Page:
“Being there” for children with learning disabilities

University of Minnesota psychologists recently discovered that “social support benefits are maximized when provided ‘invisibly’ – that is without the support recipient being aware that they are receiving it” (Science Daily).  Graduate student Maryhope Howland and professor Jeffry Simpson suggest that there may be “something unique about the emotional support behaviors that result in recipients being less aware of receiving support.”

Effective support should make the recipient “feel better and more competent” and is generally acknowledged; such support includes giving advice and encouragement.  These are positive exchanges between individuals, but they are exchanges of which both the giver and the recipient are aware.  Sometimes, such exchanges, although they are ostensibly positive and committed with good intentions, can make individuals feel “vulnerable, anxious or ineffective.”U of M researchers had 85 couples engage in “videotaped support interaction,” in which “support recipients were instructed to discuss something they’d like to change about themselves with their partners, who thus had the opportunity to provide support.”  The recipients then reported the extent to which they felt they had received support, or were aware of receiving support, and “trained observers then watched the videotapes and coded the interactions to gauge the extent to which any support provided was invisible or visible.”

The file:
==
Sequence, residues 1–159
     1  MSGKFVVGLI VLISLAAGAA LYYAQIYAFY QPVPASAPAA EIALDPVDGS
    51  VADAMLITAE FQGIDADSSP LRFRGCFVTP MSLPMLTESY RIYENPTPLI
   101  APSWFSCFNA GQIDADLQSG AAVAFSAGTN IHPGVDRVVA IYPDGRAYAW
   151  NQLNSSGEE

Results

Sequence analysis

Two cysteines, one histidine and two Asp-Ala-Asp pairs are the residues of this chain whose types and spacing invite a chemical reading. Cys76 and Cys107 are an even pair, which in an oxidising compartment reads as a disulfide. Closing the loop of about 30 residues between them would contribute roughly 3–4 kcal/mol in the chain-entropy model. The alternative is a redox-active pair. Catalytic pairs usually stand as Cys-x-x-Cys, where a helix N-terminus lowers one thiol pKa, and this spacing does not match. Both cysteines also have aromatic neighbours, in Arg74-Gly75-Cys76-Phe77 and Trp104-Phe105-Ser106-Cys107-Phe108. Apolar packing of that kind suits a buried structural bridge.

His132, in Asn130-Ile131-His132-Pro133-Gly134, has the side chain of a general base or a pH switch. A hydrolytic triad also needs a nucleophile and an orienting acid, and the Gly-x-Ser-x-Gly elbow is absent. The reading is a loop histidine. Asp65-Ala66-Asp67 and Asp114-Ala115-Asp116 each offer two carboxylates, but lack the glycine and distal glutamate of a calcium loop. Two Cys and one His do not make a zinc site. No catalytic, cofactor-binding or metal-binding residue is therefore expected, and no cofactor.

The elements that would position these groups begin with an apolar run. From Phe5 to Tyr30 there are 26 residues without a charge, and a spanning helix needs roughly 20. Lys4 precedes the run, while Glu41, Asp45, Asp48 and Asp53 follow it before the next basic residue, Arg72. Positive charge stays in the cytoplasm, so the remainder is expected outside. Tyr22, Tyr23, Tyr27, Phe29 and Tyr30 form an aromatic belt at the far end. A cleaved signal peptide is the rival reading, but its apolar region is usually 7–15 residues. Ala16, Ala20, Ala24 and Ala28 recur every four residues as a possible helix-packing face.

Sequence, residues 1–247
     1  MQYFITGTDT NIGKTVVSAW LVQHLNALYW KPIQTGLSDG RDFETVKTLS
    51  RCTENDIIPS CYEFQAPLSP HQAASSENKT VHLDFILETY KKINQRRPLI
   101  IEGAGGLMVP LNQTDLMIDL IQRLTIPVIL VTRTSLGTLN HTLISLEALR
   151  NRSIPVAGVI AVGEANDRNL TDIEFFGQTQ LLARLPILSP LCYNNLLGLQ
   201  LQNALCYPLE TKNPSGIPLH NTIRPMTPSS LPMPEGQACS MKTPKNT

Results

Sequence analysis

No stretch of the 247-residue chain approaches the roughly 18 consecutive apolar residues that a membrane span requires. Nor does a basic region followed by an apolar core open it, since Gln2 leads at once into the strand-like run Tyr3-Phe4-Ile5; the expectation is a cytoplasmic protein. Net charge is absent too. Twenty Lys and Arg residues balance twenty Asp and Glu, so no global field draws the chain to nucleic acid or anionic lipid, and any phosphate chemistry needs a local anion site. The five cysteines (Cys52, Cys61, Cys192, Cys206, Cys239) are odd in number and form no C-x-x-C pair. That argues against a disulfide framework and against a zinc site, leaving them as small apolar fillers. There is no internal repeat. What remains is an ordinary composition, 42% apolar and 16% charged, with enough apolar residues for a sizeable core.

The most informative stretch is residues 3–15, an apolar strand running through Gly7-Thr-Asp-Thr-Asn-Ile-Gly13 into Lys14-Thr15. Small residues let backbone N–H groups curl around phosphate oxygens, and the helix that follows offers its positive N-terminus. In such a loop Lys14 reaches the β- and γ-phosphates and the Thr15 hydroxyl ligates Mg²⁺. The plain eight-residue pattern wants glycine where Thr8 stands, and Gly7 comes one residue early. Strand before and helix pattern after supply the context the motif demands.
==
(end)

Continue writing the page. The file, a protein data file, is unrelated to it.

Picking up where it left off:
Invisible emotional support includes reassurance, expressions of concern, advice or overt offers of assistance.  Partners that received invisible support seemed to experience increased self-efficacy.

Children with learning disabilities are not romantic partners, but developing individuals learning to navigate their world and interact with others on terms that they often don’t quite understand.  There are myriad options available to assist your child in learning the world’s ways and hidden curriculum, but you can provide invisible support even in the home.  All situations allow opportunities to provide invisible support.  Practical support is fine, too; there is great significance in encouraging a child to talk himself through a situation or providing a direct solution to a problem, but there is also significance in encouraging a child through smiles and words of encouragement.  Your child, whether or not he or she has a learning disability, looks to you to confirm his or her beliefs about the world.  Be a shining light for your child by being aware of the difficulties he or she sometimes faces – and providing support through all of them for which you can do so.

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